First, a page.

Operation Iceman

This was an Allied cover and deception plan for ‘Carbonado’ (1945).

The undertaking was schemed for security purposes as an alternative to 'Rashness' so that both could be discussed by the Chinese staff, which was notoriously 'leaky' about security, without knowing which was the real plan.

After the Japanese 'Ichi' operation drew to a close, the Japanese went over to the defensive in China. The overall strategy then developed by Lieutenant General Albert C. Wedemeyer, the commander of the US forces in China and chief-of-staff to Generalissimo Chiang Kai-shek was to launch an offensive in the latter part of 1945 with US-trained Chinese divisions to drive to the south coast of China, thereby liberating Hong Kong and Canton to free the Chinese at last from dependence on the trickle of supplies over the mountains from Burma by air and road. This plan was originally codenamed 'Beta', but later became 'Rashness' and finally 'Carbonado'.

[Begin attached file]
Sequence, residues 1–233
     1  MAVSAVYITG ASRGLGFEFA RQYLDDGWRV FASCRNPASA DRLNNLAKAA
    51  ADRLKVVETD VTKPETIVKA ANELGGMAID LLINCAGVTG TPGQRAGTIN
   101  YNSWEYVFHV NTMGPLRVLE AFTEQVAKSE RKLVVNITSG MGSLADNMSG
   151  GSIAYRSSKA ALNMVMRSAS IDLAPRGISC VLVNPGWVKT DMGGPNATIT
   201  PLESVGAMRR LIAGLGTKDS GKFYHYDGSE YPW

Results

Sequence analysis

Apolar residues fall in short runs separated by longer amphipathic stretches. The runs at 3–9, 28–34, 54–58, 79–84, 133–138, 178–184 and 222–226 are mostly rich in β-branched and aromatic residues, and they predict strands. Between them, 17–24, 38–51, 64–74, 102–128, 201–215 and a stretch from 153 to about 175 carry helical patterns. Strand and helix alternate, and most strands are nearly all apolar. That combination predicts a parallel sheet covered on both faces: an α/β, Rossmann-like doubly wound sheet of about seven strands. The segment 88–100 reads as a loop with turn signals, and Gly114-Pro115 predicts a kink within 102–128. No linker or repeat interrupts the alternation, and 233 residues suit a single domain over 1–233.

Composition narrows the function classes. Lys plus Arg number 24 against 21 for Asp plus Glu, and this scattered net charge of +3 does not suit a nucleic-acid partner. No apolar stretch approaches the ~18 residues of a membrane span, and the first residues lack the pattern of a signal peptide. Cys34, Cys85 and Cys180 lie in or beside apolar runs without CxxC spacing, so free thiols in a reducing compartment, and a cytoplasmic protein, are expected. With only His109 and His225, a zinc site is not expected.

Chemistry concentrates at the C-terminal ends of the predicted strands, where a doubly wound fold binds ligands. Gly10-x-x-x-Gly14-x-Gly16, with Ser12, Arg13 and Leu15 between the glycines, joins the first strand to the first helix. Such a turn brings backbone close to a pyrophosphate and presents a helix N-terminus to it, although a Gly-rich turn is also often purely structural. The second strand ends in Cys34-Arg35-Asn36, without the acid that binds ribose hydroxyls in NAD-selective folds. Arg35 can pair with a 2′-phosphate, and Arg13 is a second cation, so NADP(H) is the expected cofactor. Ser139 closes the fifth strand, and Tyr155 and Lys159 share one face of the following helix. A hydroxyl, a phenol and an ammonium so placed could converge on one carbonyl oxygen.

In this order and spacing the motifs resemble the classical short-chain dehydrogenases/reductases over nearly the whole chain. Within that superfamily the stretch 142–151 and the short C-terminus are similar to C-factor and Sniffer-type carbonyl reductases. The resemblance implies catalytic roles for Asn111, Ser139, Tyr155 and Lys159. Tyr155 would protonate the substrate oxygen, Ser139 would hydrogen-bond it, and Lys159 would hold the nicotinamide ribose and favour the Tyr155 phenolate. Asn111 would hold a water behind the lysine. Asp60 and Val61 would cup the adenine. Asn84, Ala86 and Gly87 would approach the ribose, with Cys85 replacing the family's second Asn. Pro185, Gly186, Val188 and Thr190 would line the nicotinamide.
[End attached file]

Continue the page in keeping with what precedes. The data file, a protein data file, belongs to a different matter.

The US and Chinese forces appreciated the fact that it was obvious to the Japanese that the offensive would take place on the southern front because of the limited road network of China, the concentration of US-trained divisions in that area, and the known fact that information trickled freely from Chiang’s staff into Japanese hands. So US deception planners in Chungking, the nationalist Chinese capital, adopted an imaginative course. A pair of outline plans was prepared as 'Iceman' and 'Rashness' and given to the Chinese military council for the preparation of detailed plans: 'Iceman' was a drive to the east in the direction of Changsha with a diversionary effort in the south; and 'Rashness' was a drive in the south with a diversionary effort to the east toward Changsha. Only Chiang, his chief-of-staff General Chien Ta-cheng, and the war minister General Chen Cheng were told that 'Iceman' was the cover plan and 'Rashness' the real plan. The Chinese staffs working independently on the two plans did not know even that a cover plan existed.

From time to time, hints would be given to the Japanese that 'Iceman' had been selected as the offensive operation.

Events showed 'Iceman' to have been unnecessary. The Japanese began retreating in the south even before 'Rashness' (in its 'Carbonado' form') could be launched. Thus the Chinese offensive began with what was essentially to have been its second phase, and the war ended before even this could make much progress.